The Chinese side stated: Wherever there is oppression, there is resistance. Countries want independence, nations want liberation and the people want revolution—this has become the irresistible trend of history. All nations, big or small, should be equal; big nations should not bully the small and strong nations should not bully the weak. China will never be a superpower and it opposes hegemony and power politics of any kind. The Chinese side stated that it firmly supports the struggles of all the oppressed people and nations for freedom and liberation and that the people of all countries have the right to choose their social systems according to their own wishes and the right to safeguard the independence, sovereignty and territorial integrity of their own countries and oppose foreign aggression, interference, control and subversion. All foreign troops should be withdrawn to their own countries.
The Chinese side expressed its firm support to the peoples of Vietnam, Laos, and Cambodia in their efforts for the attainment of their [Page 814]goal and its firm support to the seven-point proposal of the Provisional Revolutionary Government of the Republic of South Vietnam and the elaboration of February this year on the two key problems in the proposal, and to the Joint Declaration of the Summit Conference of the Indochinese Peoples. It firmly supports the eight-point program for the peaceful unification of Korea put forward by the Government of the Democratic People’s Republic of Korea on April 12, 1971, and the stand for the abolition of the “U.N. Commission for the Unification and Rehabilitation of Korea.” It firmly opposes the revival and outward expansion of Japanese militarism and firmly supports the Japanese people’s desire to build an independent, democratic, peaceful and neutral Japan. It firmly maintains that India and Pakistan should, in accordance with the United Nations resolutions on the India-Pakistan question, immediately withdraw all their forces to their respective territories and to their own sides of the ceasefire line in Jammu and Kashmir and firmly supports the Pakistan Government and people in their struggle to preserve their independence and sovereignty and the people of Jammu and Kashmir in their struggle for the right of self-determination.
There are essential differences between China and the United States in their social systems and foreign policies. However, the two sides agreed that countries, regardless of their social systems, should conduct their relations on the principles of respect for the sovereignty and territorial integrity of all states, nonaggression against other states, noninterference in the internal affairs of other states, equality and mutual benefit, and peaceful coexistence. International disputes should be settled on this basis, without resorting to the use or threat of force. The United States and the People’s Republic of China are prepared to apply these principles to their mutual relations.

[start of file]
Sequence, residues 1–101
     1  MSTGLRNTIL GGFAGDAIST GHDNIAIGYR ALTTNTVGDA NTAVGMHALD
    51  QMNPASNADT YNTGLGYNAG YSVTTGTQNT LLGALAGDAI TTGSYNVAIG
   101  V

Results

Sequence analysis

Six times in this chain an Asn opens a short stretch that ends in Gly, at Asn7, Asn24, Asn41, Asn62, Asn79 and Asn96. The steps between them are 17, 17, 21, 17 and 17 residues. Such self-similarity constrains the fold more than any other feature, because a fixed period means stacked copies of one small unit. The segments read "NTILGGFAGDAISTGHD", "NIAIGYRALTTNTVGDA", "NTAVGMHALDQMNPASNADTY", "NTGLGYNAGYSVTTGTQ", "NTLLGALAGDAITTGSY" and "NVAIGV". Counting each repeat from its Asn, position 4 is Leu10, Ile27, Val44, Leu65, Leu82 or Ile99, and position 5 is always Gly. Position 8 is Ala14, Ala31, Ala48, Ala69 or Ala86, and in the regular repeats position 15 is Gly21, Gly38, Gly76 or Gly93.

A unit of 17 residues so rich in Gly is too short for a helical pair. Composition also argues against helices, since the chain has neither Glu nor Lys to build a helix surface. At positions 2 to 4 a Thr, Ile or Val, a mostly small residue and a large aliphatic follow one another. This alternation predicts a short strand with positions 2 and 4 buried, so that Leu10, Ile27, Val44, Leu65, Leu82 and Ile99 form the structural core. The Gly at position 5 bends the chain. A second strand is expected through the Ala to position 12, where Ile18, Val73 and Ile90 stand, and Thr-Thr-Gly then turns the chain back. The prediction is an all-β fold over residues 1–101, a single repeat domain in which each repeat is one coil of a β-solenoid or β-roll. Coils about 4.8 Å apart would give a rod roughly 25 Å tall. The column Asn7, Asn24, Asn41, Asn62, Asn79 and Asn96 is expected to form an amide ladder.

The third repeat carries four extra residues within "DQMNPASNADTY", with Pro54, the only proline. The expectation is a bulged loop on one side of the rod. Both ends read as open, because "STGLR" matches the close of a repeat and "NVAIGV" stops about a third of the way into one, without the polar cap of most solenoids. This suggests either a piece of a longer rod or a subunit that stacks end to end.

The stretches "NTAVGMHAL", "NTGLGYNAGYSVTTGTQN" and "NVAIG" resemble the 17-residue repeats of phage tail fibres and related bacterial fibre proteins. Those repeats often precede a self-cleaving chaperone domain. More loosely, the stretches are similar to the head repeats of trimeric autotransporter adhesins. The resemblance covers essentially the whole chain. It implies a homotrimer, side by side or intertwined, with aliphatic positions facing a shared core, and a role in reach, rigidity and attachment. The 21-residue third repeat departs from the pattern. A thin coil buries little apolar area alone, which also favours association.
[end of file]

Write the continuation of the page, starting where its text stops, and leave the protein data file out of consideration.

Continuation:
With these principles of international relations in mind the two sides stated that:
—progress toward the normalization of relations between China and the United States is in the interests of all countries;
—both wish to reduce the danger of international military conflict;
—neither should seek hegemony in the Asia–Pacific region and each is opposed to efforts by any other country or group of countries to establish such hegemony; and
—neither is prepared to negotiate on behalf of any third party or to enter into agreements or understandings with the other directed at other states.
Both sides are of the view that it would be against the interests of the peoples of the world for any major country to collude with another against other countries, or for major countries to divide up the world into spheres of interest.
[Page 815]
The two sides reviewed the long-standing serious disputes between China and the United States. The Chinese side reaffirmed its position: The Taiwan question is the crucial question obstructing the normalization of relations between China and the United States; the Government of the People’s Republic of China is the sole legal government of China; Taiwan is a province of China which has long been returned to the motherland; the liberation of Taiwan is China’s internal affair in which no other country has the right to interfere; and all U.S. forces and military installations must be withdrawn from Taiwan. The Chinese Government firmly opposes any activities which aim at the creation of “one China, one Taiwan,” “one China, two governments,” “two Chinas,” and “independent Taiwan” or advocate that “the status of Taiwan remains to be determined.”
The U.S. side declared: The United States acknowledges that all Chinese on either side of the Taiwan Strait maintain there is but one China and that Taiwan is a part of China. The United States Government does not challenge that position. It reaffirms its interest in a peaceful settlement of the Taiwan question by the Chinese themselves. With this prospect in mind, it affirms the ultimate objective of the withdrawal of all U.S. forces and military installations from Taiwan. In the meantime, it will progressively reduce its forces and military installations on Taiwan as the tension in the area diminishes.
The two sides agreed that it is desirable to broaden the understanding between the two peoples. To this end, they discussed specific areas in such fields as science, technology, culture, sports and journalism, in which people-to-people contacts and exchanges would be mutually beneficial. Each side undertakes to facilitate the further development of such contacts and exchanges.